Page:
Wanting to make a game, need help.

So I’ve got an idea I’m really in love with, but have no idea how to put it to game.
I’m attempting Twine again, but it’s format has changed massively and I have no idea how to create variables to keep track of.
Should I stick to Twine? Switch to Ren’py? Or is there another novel maker that’s better?

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maybe use this ? OHRRPGCE by Bob the Hamster

Twine has two main branches (that I know of, I don’t use it): Sugarcube and Harlowe. From what I’ve seen Harlowe is easier to get into but Sugarcube offers more flexibility, particularly with saving games and having multiple save files.

Renpy is a lot more accommodating to the “visual” part of “visual novel”, but does rely a lot more on visuals as a result with the majority of the screen being dedicated to it. There’s probably ways or 3rd party plugins to reconfigure Renpy into being more text focused, but having never used it (there’s a theme here) I don’t know for sure.

As for other engines, the only one I know of is Quest (I also haven’t used it, shocker), although that can be temperamental and only works on Windows. It’s primarily suited to text adventure games rather than novels, although I have seen games that are just the same branching path choices you’d see in a Twine game. Hopefully someone with actual experience in these engines can chime in so I’m not accidentally giving poor advice.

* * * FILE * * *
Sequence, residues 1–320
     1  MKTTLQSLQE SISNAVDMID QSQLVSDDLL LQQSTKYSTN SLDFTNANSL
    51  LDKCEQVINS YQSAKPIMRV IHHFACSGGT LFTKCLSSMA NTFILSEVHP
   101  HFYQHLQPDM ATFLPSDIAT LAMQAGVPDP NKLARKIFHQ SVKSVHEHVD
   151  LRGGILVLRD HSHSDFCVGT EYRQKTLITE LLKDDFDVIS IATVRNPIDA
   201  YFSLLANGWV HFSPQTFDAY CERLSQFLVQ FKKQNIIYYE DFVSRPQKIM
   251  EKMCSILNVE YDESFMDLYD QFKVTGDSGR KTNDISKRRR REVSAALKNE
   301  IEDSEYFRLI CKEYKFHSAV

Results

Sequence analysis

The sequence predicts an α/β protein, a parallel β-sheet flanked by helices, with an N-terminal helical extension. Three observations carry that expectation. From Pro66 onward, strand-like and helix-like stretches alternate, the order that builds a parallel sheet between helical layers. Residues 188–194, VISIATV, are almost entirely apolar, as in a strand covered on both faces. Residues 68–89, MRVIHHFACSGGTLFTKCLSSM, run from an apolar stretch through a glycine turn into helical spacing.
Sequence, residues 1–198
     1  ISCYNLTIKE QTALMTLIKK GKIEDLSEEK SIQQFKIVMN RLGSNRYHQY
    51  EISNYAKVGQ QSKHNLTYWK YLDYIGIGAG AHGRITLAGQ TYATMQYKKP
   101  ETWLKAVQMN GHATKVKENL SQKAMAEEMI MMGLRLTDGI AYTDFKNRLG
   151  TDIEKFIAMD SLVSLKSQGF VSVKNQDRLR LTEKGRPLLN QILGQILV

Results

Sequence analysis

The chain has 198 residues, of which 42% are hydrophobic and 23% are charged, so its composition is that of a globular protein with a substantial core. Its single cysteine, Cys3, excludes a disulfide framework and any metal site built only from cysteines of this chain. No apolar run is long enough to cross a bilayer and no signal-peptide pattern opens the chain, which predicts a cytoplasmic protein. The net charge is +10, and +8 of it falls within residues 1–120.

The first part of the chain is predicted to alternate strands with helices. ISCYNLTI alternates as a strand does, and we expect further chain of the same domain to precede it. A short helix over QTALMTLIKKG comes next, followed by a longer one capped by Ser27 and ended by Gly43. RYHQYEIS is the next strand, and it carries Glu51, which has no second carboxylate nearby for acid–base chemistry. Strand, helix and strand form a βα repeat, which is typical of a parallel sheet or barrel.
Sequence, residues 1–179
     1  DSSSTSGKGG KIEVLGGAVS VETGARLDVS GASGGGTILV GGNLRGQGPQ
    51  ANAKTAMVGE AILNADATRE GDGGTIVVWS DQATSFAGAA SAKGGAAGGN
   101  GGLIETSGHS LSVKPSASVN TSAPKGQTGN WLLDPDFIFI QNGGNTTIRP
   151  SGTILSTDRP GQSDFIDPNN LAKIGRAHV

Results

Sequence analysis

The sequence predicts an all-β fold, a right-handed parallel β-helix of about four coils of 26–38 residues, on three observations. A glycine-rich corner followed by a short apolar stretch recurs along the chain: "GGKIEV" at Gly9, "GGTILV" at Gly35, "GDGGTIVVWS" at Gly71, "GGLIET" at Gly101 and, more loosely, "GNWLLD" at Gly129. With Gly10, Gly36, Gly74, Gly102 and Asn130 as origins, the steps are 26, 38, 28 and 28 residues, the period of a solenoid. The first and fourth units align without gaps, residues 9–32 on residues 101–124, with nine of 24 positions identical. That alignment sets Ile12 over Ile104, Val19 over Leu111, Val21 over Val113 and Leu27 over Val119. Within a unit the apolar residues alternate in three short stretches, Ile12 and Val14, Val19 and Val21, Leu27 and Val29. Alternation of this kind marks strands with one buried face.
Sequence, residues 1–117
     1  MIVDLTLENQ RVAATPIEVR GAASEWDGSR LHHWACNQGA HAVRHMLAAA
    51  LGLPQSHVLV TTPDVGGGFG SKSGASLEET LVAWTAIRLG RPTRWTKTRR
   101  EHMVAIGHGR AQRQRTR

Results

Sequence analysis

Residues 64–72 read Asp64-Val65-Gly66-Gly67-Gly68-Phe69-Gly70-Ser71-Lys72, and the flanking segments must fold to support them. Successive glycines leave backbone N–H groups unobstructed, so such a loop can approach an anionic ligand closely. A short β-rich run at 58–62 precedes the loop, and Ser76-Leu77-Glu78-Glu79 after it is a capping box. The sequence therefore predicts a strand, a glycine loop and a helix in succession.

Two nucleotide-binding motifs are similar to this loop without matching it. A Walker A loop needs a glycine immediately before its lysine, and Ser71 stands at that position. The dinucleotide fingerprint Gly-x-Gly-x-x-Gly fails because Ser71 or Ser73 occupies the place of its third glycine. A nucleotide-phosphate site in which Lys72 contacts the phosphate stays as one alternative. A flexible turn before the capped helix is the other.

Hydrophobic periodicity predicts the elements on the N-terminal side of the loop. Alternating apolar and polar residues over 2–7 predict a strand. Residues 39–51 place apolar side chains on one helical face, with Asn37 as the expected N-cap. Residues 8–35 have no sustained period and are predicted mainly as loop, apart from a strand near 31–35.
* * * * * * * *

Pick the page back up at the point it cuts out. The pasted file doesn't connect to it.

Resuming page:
Also @betatoybox that’s an RPG engine, not a VN engine

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Ren’py, Choose Ren’py.

You should keep using Twine


twine sugarcube is for a coder who wants to create a visual novel.

twine harlowe is for a writer who wants to create a visual novel.

ren’py is for one of two people.
either someone who already knows some python and wants to create a visual novel
OR someone who already has art and visual design skills who wants to create a visual novel.

I’ve never looked at or used quest myself.

If you end up stick with Twine, I’d strongly advise against Harlowe. Sugarcube beats it in most areas, and is still fairly easy to learn. Harlowe has some very problematic issues, and it’d be pretty difficult to switch to Sugarcube in the future if you ever decided you wanted to. I personally think people are giving Harlowe too much credit when comparing the two engines, because it has some genuinely bad things about it while offering pretty little in return.

If you want to learn/re-learn Twine, just bite the bullet and use Sugarcube. It gives so much more freedom, and comes with some really nice features straight out of the box.